Sexual wellness is crucial regardless of your age. And our appetite for intimacy knows no age. As you get old, sex might not be similar to during your 20s, but it could still be extremely satisfying. Know which parts of sexual health would probably alter as you get old — and how you, along with your lover, could adjust.
Sexual Health and Safe Sex
Women could get pregnant until they are in their menopause stage — known as 12 straight months with no periods. If you are sexually active, always use birth control until you reach menopause. Consult with your health care provider for advice if you are uncertain of which birth control type suits you the best.
Aging and Men’s Sexual Health
Testosterone has a vital role in men’s sex life. Testosterone levels differ largely among men. Generally, however, older guys often have reduced testosterone levels than younger ones. Testosterone levels slowly decrease as men age — nearly 1% every year after their 30’s on average.
As men get old, their penis might need longer to get erect, and erections might not be as firm. It might take more time to have full arousal and ejaculatory and orgasmic experiences. Moreover, erectile dysfunction gets more and more normal. Numerous treatments could help guys sustain or achieve a sufficient erection for sex.
Aging and Women’s Sexual Health
As women reach the menopause stage, estrogen levels in their bodies decrease, which might result in slower sexual arousal and vaginal dryness. Emotional shifts could heighten feelings of stress, which could also distort your sexual desire.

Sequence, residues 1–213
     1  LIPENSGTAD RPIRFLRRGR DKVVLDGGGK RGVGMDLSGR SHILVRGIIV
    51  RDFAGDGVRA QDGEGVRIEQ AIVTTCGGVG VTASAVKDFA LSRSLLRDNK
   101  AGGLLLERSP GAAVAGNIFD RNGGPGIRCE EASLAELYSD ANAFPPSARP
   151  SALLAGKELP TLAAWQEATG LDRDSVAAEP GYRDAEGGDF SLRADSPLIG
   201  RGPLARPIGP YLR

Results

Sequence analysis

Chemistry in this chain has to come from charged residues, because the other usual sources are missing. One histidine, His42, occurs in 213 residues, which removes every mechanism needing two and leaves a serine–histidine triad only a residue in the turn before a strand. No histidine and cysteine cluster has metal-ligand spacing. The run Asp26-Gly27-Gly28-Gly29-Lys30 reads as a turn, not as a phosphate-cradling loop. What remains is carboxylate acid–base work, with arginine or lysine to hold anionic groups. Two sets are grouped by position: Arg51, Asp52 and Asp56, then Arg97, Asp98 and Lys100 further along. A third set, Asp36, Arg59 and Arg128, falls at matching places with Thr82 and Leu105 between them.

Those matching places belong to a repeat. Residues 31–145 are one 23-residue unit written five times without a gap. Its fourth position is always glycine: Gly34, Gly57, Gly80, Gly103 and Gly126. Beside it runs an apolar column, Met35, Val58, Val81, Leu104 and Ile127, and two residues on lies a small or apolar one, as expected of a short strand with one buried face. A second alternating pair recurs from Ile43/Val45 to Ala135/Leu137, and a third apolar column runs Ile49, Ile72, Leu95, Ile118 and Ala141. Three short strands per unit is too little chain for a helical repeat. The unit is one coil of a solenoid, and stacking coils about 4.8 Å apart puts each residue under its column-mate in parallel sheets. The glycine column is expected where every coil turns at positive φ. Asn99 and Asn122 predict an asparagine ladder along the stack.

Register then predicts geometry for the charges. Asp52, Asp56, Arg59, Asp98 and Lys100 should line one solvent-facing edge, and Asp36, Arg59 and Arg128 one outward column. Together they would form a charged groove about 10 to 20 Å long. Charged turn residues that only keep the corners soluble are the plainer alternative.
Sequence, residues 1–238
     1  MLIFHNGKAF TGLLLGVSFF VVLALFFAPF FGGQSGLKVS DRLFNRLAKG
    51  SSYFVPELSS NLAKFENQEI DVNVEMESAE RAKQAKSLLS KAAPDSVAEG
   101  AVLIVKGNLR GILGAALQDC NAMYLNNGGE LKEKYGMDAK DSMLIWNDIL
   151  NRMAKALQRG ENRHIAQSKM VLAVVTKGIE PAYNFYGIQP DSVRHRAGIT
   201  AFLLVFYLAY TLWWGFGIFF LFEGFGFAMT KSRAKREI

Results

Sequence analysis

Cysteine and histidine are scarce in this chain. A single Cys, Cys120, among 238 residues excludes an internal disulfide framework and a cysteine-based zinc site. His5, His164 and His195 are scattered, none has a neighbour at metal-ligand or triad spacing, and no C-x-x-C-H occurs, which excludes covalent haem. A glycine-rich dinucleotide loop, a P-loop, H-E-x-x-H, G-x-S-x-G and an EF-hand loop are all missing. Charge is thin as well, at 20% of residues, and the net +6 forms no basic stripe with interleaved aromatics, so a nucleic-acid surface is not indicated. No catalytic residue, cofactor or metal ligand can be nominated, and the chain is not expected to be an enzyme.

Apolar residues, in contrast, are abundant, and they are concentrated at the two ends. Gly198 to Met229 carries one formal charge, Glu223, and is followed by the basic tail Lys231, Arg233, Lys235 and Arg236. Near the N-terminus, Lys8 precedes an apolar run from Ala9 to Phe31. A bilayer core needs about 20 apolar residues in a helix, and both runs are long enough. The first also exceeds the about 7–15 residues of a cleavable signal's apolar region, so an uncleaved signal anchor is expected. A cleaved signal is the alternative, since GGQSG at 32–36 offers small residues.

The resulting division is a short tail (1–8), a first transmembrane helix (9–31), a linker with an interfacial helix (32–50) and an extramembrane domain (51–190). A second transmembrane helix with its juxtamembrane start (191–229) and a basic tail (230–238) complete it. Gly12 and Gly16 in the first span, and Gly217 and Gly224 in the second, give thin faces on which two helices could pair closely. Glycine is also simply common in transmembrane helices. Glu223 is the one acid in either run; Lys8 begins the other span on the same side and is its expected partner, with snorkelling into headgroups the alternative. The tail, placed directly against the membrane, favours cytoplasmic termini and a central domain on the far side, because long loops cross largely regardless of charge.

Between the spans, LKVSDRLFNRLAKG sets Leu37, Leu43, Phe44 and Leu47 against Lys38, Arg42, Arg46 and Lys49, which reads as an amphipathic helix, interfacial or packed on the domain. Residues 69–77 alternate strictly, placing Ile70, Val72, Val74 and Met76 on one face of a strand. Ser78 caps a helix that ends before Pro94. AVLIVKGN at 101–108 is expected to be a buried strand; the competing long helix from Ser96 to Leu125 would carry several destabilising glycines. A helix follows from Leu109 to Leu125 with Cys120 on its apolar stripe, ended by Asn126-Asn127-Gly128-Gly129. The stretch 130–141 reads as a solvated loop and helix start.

While other women might like sex more without fussing about pregnancy, the natural occurrence of changes in body size and shape might make others feel less sexually attractive.
Medical Conditions, Medications, and Sexual Health
All conditions that influence your general well-being and health might also influence your sexual health. Cardiovascular illnesses like diabetes, high blood pressure, hormone issues, melancholy, or anxiety might make it difficult to engage in sexual activity.
The drugs used to address these disorders might also interfere with your sexual behavior. Medications for high blood pressure, for example, might impair your ability to feel aroused. Other drugs might make having an orgasm more challenging.
Consult a doctor if you suspect you have sexual adverse effects from medicine. It could be feasible to switch to another medicine with fewer sexual adverse effects or add an extra prescription.
Sexual Health and Surgery
Any surgery that affects your pelvic or central nervous system might have a big influence on your sexual response. The human body, on the other hand, is robust. Most people may become sexually receptive again if they have time to recover and some loving care.
Dealing with Differences in Desire
Libido differences are widespread in relationships of all ages. Couples might fall into a pattern in which one partner initiates touch while the other overlooks it. Try leading some engagements if you generally avoid sex. If you generally initiate sex, consider discussing your needs with your spouse.
If you’re concerned about causing pain to your partner’s feelings, use “I” phrases to describe your experience, like “I believe my body responds better when…” In exchange, attempt to comprehend your partner’s wants and wishes. You may develop solutions to meet both of your requirements if you work together.
Looking Forward, Not Back
Several couples want to understand how to improve sex life and reclaim their sexual health’s former levels. Find strategies to improve your body’s reaction to sexual encounters right now. Consider what is both fulfilling and mutually accepted.
Many publications are available on keeping a healthy sex life as you age. Furthermore, many couples believe that speaking with a professional is beneficial. Your doctor might be able to offer advice or refer you to a sex coach or expert.